Thursday, November 1, 2007

Tasting Notes Fundamentals

Lots of my friends ask me how I got in to wine and are often curious about how difficult it is to go through formal training/classes to learn more about wine. My almost always canned response to them is, "I've only learned how much I DON'T really know and how far I still HAVE to go...". One simple thing that amazes most novices is how I go through the tasting process (sight, swirl, sniff, sip) and/or how overwhelming it seems when they read tasting notes from 'experts' that go through a bevy of complicated terms or nuances in evaluating a wine.

To the average person, they could not in their wildest imagination think of coming up with descriptive words like - taut, chewy, loamy, or fleshy - along with describing flavors such as - dried figs, leather, cedar, wet stone, or mint - in some nice liquid in a glass we call wine.

Admittedly, I even sometimes have problems with the lengths some go in fancy descriptions that you know can only come from someone who has done this thousands of times and has all of these words in their mental Rolodex and quick recall capacities. I mean who REALLY knows what 'loamy' even means? It's actually easier than you may think...

To simplify a bit, I've pulled basic tasting notes from my Sommelier class that might help you get started in evaluating a wine. Below are the foundations upon which we did all of our tasting notes:

Appearance (clarity, intensity, color, rim vs. core color)

Nose (condition, intensity, development (age), fruit character, bouquet)

Palate (sweetness, acidity, tannin, fruit intensity, alcohol, length of finish)

Conclusions (Quality, maturity, opinion)


2004 Chateau St. Jean Chardonnay
Appearance: clear, med. intensity, straw/gold color, watery rim
Nose: clean, med. intensity, youthful, floral bouquet, orchard fruit elements with med. oak
Palate: dry, med+ acid, well balanced, clean fruit, notes of butter/oak, clean balanced finish, med. alcohol
Conclusions: good/high quality, new world youthfulness, drink now

A couple of tips to remember when just getting started:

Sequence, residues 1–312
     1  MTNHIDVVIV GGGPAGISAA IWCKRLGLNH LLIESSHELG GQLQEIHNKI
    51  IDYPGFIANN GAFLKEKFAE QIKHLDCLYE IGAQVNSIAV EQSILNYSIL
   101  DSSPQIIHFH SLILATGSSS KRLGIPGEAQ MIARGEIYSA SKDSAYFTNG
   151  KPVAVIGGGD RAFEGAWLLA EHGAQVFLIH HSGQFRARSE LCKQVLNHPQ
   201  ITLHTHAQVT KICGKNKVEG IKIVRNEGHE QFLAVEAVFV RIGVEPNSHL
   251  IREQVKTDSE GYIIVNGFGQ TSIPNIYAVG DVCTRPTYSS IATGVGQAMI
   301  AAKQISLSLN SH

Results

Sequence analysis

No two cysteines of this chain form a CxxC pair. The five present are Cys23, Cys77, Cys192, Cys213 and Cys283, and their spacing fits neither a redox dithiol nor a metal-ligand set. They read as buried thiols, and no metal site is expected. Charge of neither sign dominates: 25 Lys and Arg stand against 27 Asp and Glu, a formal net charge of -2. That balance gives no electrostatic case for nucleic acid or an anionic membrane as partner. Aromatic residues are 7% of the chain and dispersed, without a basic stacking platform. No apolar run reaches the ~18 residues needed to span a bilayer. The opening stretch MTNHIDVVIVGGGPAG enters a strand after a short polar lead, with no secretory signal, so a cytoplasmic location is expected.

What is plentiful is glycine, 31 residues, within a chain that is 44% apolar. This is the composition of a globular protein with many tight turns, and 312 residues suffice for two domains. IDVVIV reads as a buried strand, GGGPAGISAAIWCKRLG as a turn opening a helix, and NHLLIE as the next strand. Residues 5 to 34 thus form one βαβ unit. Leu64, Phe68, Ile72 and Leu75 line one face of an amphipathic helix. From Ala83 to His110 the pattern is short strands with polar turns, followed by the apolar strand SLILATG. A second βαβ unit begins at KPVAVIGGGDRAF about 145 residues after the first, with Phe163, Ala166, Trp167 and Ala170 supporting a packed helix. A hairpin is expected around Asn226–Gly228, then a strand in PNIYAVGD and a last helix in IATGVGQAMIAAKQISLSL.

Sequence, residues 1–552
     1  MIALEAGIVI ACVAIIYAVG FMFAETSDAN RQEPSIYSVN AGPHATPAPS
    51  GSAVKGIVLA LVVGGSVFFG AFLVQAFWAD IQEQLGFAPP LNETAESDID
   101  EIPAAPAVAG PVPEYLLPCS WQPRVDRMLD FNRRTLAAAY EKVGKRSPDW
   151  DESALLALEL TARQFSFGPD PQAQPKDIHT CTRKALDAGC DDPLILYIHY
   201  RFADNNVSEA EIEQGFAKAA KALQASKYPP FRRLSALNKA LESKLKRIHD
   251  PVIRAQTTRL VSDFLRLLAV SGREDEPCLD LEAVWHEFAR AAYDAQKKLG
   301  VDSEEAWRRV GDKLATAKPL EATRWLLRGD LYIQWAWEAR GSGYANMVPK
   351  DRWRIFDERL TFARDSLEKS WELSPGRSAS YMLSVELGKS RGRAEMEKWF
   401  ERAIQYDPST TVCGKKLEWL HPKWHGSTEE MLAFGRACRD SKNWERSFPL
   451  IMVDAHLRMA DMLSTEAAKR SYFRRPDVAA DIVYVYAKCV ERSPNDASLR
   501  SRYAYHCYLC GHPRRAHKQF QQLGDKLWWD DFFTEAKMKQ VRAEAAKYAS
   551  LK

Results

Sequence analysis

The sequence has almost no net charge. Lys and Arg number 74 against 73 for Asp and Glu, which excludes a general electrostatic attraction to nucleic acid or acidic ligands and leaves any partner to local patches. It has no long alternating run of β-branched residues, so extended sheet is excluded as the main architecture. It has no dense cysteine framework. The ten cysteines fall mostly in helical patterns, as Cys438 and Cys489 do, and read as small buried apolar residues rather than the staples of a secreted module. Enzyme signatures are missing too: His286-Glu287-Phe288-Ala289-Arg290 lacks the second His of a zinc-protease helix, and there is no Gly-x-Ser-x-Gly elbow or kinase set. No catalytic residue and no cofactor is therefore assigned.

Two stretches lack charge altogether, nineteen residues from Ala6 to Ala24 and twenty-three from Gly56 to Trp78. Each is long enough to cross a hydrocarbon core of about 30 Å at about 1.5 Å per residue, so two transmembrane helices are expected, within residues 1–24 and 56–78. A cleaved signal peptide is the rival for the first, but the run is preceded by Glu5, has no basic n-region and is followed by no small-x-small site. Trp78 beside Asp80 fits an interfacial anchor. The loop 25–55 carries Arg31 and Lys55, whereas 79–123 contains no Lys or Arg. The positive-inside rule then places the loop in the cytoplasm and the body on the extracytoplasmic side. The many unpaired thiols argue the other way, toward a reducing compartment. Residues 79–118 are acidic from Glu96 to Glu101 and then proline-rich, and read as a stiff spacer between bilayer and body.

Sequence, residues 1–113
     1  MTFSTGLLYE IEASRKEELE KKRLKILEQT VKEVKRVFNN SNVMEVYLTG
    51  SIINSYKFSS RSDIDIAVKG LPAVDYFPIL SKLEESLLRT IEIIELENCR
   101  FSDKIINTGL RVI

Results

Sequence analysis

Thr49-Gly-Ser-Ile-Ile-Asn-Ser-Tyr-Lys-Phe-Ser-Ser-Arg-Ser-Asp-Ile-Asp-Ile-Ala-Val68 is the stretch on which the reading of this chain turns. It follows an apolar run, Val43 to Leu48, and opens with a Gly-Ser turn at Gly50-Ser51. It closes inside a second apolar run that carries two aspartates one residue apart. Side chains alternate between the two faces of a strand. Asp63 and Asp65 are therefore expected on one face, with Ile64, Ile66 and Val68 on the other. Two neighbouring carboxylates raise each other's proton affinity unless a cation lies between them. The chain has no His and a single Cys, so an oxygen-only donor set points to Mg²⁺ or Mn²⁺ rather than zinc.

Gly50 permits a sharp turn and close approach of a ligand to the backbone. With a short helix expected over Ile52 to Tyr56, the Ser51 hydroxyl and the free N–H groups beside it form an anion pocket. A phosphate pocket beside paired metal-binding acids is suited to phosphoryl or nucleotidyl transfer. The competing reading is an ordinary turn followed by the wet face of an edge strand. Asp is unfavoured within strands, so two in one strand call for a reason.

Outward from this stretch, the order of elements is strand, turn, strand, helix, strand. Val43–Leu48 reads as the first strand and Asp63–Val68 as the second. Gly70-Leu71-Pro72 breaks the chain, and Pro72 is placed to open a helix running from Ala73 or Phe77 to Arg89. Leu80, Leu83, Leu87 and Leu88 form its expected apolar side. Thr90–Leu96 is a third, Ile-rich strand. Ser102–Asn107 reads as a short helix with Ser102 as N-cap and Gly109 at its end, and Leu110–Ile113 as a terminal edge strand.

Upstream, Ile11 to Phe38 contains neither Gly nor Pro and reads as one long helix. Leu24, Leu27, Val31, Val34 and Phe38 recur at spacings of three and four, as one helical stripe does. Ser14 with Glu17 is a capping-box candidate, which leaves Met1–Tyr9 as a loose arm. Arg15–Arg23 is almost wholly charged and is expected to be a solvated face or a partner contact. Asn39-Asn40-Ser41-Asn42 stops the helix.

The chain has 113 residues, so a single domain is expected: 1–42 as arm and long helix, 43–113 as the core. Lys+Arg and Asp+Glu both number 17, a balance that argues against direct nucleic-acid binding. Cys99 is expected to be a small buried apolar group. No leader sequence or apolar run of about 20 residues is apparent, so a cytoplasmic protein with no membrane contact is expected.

1) There are few (if any) absolutes and your experience should be very individual. Rarely any "wrong" answers here...your nose/palate gets what it gets.
2) It takes a lot of practice. Start by just being more present to wine and what it offers. Begin by utilizing the 4 S's (sight, swirl, sniff, sip) with each glass.
3) Read other reviews. To get the hang of it, take some time to read reviewers that you like and how they go about their descriptions. Wine Spectator has a ton of these in the back of each magazine and does a good job in their reviews online.
4) Spend time in the produce section. One the best tips I ever got was to spend a few extra minutes in the produce/fruit section of the store and smell each fruit to help distinguish and train my olfactory senses. Close your eyes and make mental notes of what you're smelling so you can recall these when in the presence of your glass of wine.
5) Don't worry about long, drawn-out descriptions. Just describe what you are getting out of it, follow the systematic approach, and get to where you can say a couple of things about each category (above).
6) Share. The best way is to do this with someone and compare what each of you get from the wine. It helps to hear what others get from the same wine and get you thinking beyond your own experience.

Try this out when you start doing your tastings, you'll have fun as you see yourself get better, it becomes easier and begins to enhance the whole experience. Enjoy!

Until the next sip...swirl ya' later!


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